One of the more heartbreaking situations that occurs with families in crisis is that grandchildren and grandparents can have their relationships damaged.
The good news is that in many of these circumstances, by New Jersey law, Grandparents have visitation rights to spend time with their grandchildren.
Indeed, the New Jersey grandparent visitation rights statute specifically says:
" A grandparent...of any child residing in this State may make application before the Superior Court...for an order for visitation."
The Statute makes it clear that It shall be the obligation of the grandparent to prove that the granting of visitation is in the "best interests of the child".
How, though, should a grandparent go about proving that it is "in the best interest of the child" for the child to have a relationship with the grandparent over the objection of one or both of the child's parents?
There are seven specific factors that a judge must consider when deciding whether to grant a grandparent visitation:
(1) The relationship between the child and the grandparent;
(2) The relationship between each of the child's parents and the grandparent;
(3) The time which has elapsed since the child last had contact with the grandparent;
(4) The effect that such visitation will have on the relationship between the child and the childs parents;
(5) If the parents are divorced or separated, the visitation arrangement which exists between the parents with regard to the child;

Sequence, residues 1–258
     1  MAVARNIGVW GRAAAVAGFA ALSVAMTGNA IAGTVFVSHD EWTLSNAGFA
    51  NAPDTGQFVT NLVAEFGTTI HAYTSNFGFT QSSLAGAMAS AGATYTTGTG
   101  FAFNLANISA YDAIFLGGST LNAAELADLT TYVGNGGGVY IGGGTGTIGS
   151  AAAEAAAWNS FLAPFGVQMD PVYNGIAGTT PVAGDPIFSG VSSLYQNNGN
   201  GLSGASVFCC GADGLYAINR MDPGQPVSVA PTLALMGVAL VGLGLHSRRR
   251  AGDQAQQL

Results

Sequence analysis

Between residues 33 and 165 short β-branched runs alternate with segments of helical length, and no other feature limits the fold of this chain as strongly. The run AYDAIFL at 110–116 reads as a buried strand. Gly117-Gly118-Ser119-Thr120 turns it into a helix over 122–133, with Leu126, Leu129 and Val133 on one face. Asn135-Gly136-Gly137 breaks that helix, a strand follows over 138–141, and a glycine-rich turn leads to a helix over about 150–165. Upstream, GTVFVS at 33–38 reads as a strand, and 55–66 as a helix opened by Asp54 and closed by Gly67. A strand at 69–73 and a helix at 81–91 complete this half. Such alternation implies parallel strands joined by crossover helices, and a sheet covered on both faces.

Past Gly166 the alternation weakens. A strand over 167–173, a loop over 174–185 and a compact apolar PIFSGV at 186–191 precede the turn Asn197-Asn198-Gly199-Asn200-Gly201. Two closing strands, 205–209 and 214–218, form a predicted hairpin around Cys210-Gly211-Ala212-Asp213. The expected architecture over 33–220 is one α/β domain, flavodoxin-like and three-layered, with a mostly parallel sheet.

(6) The good faith of the grandparent in filing the application; and
(7) Any history of physical, emotional or sexual abuse or neglect by the grandparent.
In addition to these seven specific factors that a court must consider, the statute goes on to grant the judge the authority to consider:
"Any other factor relevant to the best interests of the child."
Grandparents are further supported in their efforts to have contact with their grandchildren by Subpart C of the statute, which suggests that
"...visitation is in the child’s best interest if the applicant had, in the past, been a full-time caretaker for the child."
Thus, the bottom line is that Courts in New Jersey are empowered with the tools necessary to protect the very important relationship between a grandparent and a grandchild so long as it will not be harmful to the child to do so.
Steven J. Kaplan, Esq.
Law Practice Specializing In
Divorce and Related Issues
5 Professional Circle
Colts Neck, NJ. 07722